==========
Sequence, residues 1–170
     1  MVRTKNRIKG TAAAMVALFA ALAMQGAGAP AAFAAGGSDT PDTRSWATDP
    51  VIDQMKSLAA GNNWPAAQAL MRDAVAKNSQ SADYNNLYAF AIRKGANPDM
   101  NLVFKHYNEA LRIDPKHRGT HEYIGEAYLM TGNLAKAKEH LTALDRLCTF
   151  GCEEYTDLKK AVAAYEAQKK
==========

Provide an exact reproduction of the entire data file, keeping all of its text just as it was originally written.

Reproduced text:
Sequence, residues 1–170
     1  MVRTKNRIKG TAAAMVALFA ALAMQGAGAP AAFAAGGSDT PDTRSWATDP
    51  VIDQMKSLAA GNNWPAAQAL MRDAVAKNSQ SADYNNLYAF AIRKGANPDM
   101  NLVFKHYNEA LRIDPKHRGT HEYIGEAYLM TGNLAKAKEH LTALDRLCTF
   151  GCEEYTDLKK AVAAYEAQKK